A new record. The herd of European bison in the large herbivore reserve has exceeded 40 animals for the first time

2023 - 06 - 30

For the first time since the foundation of the reserve for large herbivores, European Serengeti, which is located in the former military training area of Milovice near Prague, the local herd of European bison has exceeded 40 animals. This year’s sixth calf was born in the reserve in June, making the number of animals reach 41.

The current number of bison has ranked the Milovice population among the two largest populations in the Czech Republic along with the herd in the former military training area of Ralsko, which also reached 40 animals last year. “We regularly export additions from our reserve to other sites all around Europe. For example, our additions are in France or in the Netherlands. Had it not been for the provision of the young animals to both domestic and international breeding programmes, the reserve would have reached the current number of animals several years ago,” said Dalibor Dostal, director of the conservation organisation European Wildlife, which founded the reserve in cooperation with scientists in 2015.

According to experts, the Milovice herd is exceptional compared to other Czech breeding groups outside zoos. “The exchange and provision of animals abroad has made the Milovice herd part of the global population. This makes it different from other domestic breeding groups outside zoological gardens, which remain genetically isolated. It is an essential contribution towards saving the European bison as a biological species,” said Miloslav Jirku from the Biology Centre of the Czech Academy of Sciences.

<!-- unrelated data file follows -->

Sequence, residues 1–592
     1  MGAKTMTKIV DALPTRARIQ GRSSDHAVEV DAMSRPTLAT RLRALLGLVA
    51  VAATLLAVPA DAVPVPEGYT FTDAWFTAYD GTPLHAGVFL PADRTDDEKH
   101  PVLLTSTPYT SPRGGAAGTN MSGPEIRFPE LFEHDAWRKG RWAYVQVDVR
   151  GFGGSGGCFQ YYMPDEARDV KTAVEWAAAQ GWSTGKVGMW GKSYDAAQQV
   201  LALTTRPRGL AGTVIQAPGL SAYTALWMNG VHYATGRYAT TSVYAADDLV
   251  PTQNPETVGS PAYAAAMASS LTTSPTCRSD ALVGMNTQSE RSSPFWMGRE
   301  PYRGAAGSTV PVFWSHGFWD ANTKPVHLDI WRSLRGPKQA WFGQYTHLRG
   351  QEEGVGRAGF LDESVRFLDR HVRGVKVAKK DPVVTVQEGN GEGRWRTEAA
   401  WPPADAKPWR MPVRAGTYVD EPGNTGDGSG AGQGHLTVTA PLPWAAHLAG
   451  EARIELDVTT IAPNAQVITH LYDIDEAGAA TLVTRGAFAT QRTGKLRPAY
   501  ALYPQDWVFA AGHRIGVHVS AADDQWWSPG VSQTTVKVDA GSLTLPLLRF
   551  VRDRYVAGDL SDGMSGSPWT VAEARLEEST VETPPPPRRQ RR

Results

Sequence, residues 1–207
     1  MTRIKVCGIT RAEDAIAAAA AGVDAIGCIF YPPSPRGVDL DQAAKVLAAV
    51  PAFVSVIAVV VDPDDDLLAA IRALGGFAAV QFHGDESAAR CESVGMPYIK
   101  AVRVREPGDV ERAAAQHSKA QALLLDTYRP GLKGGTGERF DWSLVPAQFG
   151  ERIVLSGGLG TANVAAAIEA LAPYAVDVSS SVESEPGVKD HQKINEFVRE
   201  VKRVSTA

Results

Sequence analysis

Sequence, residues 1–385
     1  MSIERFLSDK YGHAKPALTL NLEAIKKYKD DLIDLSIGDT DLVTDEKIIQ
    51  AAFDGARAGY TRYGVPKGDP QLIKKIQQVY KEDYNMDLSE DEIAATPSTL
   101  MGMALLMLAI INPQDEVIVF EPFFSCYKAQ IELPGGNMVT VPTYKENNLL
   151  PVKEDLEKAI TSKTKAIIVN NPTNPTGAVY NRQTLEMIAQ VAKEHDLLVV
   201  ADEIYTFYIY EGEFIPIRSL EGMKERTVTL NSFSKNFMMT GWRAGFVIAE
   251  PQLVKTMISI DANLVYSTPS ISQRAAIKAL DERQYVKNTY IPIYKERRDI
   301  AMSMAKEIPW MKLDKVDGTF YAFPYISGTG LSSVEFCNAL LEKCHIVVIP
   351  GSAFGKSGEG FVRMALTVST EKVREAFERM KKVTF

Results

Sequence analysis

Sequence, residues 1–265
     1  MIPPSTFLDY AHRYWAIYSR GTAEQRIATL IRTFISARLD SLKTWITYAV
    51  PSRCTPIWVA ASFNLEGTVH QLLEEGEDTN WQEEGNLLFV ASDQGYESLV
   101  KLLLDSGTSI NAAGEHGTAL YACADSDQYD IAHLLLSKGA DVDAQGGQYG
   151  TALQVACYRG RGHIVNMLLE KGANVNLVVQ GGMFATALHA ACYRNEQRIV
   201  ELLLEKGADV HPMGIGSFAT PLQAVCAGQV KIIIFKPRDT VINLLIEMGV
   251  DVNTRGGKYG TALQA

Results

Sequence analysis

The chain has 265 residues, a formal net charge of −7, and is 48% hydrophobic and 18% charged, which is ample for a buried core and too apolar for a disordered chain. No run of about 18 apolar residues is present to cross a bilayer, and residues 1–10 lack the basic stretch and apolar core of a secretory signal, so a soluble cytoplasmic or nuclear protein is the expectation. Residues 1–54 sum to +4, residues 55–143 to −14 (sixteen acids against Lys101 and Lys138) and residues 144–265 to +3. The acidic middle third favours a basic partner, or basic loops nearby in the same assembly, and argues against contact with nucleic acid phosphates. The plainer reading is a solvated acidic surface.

The European bison is the biggest land mammal of Europe. It had been exterminated in the wild after the First World War, with several remaining animals surviving at zoos and game enclosures. Thanks to the launch of an international rescue programme, the species was preserved and returned back to the wild after the Second World War.

The grazing of European bison and other large ungulates helps restore the biological diversity of the former military training area. In this way, biodiversity has been rising in the reserve at an unprecedented pace. For example, the numbers of young star gentians, the rarest plant species in the reserve, have risen by 5,553 per cent and the numbers of the mountain Alcon blue have climbed up by 1,700 per cent thanks to the ungulates.

European Serengeti became the first place in the world where all three key species of large ungulates of Europe, i.e. bison, wild horse and back-bred aurochs, are found in one reserve for the first time. The project has been rewarded with several prestigious prizes, including SDGs Award in the Climatic Change category. The grazing of wild ungulates, unlike intensive breeding groups of farm animals, contributes to the countryside adapting to climate changes and to carbon storage in soil. According to scientific studies, natural grazing ecosystems all over the world retain up to 50% more carbon than all the forests on the planet.

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